June 10, 2008

Mistake 2: Consolidate then Splurge

 

Mistake #2 is considerably worse than the one prior because you actively contribute (to the detriment) of your debts. Again, this stems from the idea that debt consolidation schemes magically hold off your debts for indeterminate amounts of time, or even eliminate them completely.

 

The leeway afforded to you by a debt consolidation plan should be used for working towards cutting down the debts, not adding to them.

 

You can hardly call a spending spree ‘cutting down,’ especially when you’re in so much debt already. This pattern of getting yourself into more debt right after promising to pay off your previous ones will, in the long and short run, work to the detriment of your budget, your finances and your credit rating.

 

Zulika van Heerden provides valuable information on her site on how to live a debt free life.
To read more tips and techniques like the ones in this article go to: http://www.globalproperty.co.za


Don’t Get Into A Debt Dilemma – Mistake 1 of 3

June 9, 2008

Debt consolidation can seem like a breath of fresh air, especially if you’ve been dogged by your debt and credit problems for a long time. Your creditors are suddenly off your tail, you have a credit rating to speak of again and you can breathe a sigh of relief.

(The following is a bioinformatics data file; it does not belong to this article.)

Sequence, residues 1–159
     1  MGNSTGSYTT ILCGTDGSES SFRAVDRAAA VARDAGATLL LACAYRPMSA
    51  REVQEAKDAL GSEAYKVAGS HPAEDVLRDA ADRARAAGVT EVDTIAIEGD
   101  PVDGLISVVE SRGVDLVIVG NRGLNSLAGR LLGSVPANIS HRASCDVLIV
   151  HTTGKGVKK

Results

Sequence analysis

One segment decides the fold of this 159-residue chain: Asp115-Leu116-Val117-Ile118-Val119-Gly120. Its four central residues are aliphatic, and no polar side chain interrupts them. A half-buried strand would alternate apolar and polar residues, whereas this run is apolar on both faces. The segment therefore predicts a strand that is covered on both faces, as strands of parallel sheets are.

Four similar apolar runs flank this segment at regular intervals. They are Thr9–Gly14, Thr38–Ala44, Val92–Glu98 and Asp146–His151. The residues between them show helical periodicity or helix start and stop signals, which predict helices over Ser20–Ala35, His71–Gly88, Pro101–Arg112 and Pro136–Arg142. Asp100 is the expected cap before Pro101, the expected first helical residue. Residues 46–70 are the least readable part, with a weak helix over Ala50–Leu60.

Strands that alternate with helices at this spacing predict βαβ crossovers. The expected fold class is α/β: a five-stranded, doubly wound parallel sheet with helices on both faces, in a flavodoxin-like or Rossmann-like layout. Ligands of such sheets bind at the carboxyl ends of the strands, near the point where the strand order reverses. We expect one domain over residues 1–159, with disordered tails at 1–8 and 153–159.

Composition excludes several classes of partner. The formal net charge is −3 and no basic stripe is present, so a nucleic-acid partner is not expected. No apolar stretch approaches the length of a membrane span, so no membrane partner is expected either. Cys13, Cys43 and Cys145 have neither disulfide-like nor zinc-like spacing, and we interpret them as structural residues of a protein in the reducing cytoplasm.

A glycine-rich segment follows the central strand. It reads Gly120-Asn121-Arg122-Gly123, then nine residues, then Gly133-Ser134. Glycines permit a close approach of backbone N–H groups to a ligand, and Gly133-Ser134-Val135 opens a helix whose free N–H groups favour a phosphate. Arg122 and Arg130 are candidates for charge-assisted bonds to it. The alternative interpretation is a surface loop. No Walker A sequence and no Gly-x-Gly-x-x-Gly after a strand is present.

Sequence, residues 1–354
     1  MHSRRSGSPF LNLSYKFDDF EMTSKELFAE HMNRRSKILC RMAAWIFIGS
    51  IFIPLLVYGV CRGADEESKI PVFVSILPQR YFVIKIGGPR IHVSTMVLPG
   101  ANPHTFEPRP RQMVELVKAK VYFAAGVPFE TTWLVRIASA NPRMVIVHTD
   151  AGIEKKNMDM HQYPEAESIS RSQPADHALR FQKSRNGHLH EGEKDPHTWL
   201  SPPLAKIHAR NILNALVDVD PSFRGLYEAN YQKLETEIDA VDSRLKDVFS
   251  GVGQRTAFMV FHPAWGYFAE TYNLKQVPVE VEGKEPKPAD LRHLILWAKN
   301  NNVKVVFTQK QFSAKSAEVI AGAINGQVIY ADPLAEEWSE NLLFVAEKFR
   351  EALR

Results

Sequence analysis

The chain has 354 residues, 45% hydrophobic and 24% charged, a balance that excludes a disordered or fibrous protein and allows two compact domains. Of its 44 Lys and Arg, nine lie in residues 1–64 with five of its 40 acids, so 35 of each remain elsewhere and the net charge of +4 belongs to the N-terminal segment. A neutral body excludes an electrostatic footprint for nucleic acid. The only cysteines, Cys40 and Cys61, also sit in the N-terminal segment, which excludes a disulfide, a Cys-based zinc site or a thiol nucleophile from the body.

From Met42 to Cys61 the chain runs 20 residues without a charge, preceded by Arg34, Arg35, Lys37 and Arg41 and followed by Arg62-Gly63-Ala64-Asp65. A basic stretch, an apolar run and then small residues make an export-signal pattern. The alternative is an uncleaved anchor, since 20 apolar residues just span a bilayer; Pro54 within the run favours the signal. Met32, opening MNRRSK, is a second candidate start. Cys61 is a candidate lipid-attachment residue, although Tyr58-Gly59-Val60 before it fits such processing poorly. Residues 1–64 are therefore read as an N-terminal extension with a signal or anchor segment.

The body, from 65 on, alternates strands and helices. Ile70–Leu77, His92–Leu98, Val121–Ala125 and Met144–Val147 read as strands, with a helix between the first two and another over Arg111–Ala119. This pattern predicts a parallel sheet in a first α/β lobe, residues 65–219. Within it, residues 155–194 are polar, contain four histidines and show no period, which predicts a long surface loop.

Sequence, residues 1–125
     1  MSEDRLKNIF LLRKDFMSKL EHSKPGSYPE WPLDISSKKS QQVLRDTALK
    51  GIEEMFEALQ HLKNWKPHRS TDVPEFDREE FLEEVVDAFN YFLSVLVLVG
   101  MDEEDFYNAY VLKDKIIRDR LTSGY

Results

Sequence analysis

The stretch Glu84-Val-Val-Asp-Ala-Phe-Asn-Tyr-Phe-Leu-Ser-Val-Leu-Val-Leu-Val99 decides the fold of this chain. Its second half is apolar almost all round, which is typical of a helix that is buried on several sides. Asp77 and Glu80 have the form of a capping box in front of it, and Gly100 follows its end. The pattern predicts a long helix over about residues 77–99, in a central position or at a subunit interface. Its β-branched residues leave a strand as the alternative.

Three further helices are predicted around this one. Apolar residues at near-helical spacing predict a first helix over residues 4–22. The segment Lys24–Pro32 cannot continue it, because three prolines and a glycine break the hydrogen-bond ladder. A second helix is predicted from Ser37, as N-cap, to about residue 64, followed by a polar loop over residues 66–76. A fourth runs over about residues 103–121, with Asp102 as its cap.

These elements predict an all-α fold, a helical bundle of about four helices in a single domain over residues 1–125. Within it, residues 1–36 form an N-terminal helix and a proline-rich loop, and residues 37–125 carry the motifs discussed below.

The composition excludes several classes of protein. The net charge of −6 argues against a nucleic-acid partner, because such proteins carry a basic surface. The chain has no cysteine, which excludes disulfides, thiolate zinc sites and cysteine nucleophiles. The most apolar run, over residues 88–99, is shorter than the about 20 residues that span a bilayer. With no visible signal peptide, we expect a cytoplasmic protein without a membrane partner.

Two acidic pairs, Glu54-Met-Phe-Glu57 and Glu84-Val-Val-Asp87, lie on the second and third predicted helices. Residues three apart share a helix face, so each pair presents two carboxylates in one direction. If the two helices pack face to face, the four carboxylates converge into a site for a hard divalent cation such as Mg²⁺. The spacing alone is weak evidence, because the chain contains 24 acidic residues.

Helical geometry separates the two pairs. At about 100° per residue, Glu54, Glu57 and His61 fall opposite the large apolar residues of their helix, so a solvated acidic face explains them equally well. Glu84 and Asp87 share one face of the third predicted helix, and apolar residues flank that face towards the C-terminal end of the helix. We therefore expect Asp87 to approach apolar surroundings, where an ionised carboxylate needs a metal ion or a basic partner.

But this sense of security may very well be false, particularly if you commit three common mistakes made by many who choose to consolidate their debts. You’d best avoid those same mistakes else you’re likely to find yourself running through the whole cycle of indebtedness all over again.

 

Mistake 1: No Plan at All

 

It might sound ridiculous but many have participated into a debt consolidation scheme without any sort of idea for getting rid of that debt eventually. It’s very foolish to enter a debt consolidation scheme without a concrete action plan for reducing and gradually eliminating your debts.

 

Remember, debt consolidation schemes merely give you some leeway when it comes to deadlines for paying off your debts, but they don’t hold off debts indefinitely.

 

Consolidation schemes still have deadlines for paying your bills that you must eventually meet. To make matters worse, your consolidated debts accrue interest and other fees the longer they’re left stagnant, so you’d best not forget about them.

 

Zulika van Heerden provides valuable information on her site on how to live a debt free life.
To read more tips and techniques like the ones in this article go to: http://www.globalproperty.co.za


Is A Cash Rebate Credit Card Right For You?

June 7, 2008

People often make decisions about which credit cards to carry based on the types of reward programs the are eligible for as cardholders.

Some credit card providers offer points toward merchandise or gift cards, airline miles, credit for fuel purchases, and other appealing bonus programs.

Cash rebate credit cards are the latest trend in consumer credit. Extra cash always comes in handy, and many consumers love the idea of earning cash back bonuses from their credit card charges.

While the idea of cash rebates is very appealing, it is important to be cautious any time you open a new credit card account.